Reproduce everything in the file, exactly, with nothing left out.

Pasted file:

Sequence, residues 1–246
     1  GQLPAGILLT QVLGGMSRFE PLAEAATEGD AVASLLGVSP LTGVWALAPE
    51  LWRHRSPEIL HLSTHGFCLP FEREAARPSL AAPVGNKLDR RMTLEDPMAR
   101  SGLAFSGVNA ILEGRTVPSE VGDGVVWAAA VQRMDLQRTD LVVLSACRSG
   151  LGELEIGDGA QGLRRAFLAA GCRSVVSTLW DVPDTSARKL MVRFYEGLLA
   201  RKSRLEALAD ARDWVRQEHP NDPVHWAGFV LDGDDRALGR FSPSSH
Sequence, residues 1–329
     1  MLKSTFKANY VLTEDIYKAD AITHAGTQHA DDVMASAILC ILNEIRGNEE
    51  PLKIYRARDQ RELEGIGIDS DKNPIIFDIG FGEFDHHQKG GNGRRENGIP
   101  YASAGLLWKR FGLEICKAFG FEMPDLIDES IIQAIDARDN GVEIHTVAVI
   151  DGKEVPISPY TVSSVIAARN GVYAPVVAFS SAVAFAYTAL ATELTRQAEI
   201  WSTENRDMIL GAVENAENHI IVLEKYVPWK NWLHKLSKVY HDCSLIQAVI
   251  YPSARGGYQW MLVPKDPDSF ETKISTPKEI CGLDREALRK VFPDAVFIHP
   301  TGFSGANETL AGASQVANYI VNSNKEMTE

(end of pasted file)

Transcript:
Sequence, residues 1–246
     1  GQLPAGILLT QVLGGMSRFE PLAEAATEGD AVASLLGVSP LTGVWALAPE
    51  LWRHRSPEIL HLSTHGFCLP FEREAARPSL AAPVGNKLDR RMTLEDPMAR
   101  SGLAFSGVNA ILEGRTVPSE VGDGVVWAAA VQRMDLQRTD LVVLSACRSG
   151  LGELEIGDGA QGLRRAFLAA GCRSVVSTLW DVPDTSARKL MVRFYEGLLA
   201  RKSRLEALAD ARDWVRQEHP NDPVHWAGFV LDGDDRALGR FSPSSH
Sequence, residues 1–329
     1  MLKSTFKANY VLTEDIYKAD AITHAGTQHA DDVMASAILC ILNEIRGNEE
    51  PLKIYRARDQ RELEGIGIDS DKNPIIFDIG FGEFDHHQKG GNGRRENGIP
   101  YASAGLLWKR FGLEICKAFG FEMPDLIDES IIQAIDARDN GVEIHTVAVI
   151  DGKEVPISPY TVSSVIAARN GVYAPVVAFS SAVAFAYTAL ATELTRQAEI
   201  WSTENRDMIL GAVENAENHI IVLEKYVPWK NWLHKLSKVY HDCSLIQAVI
   251  YPSARGGYQW MLVPKDPDSF ETKISTPKEI CGLDREALRK VFPDAVFIHP
   301  TGFSGANETL AGASQVANYI VNSNKEMTE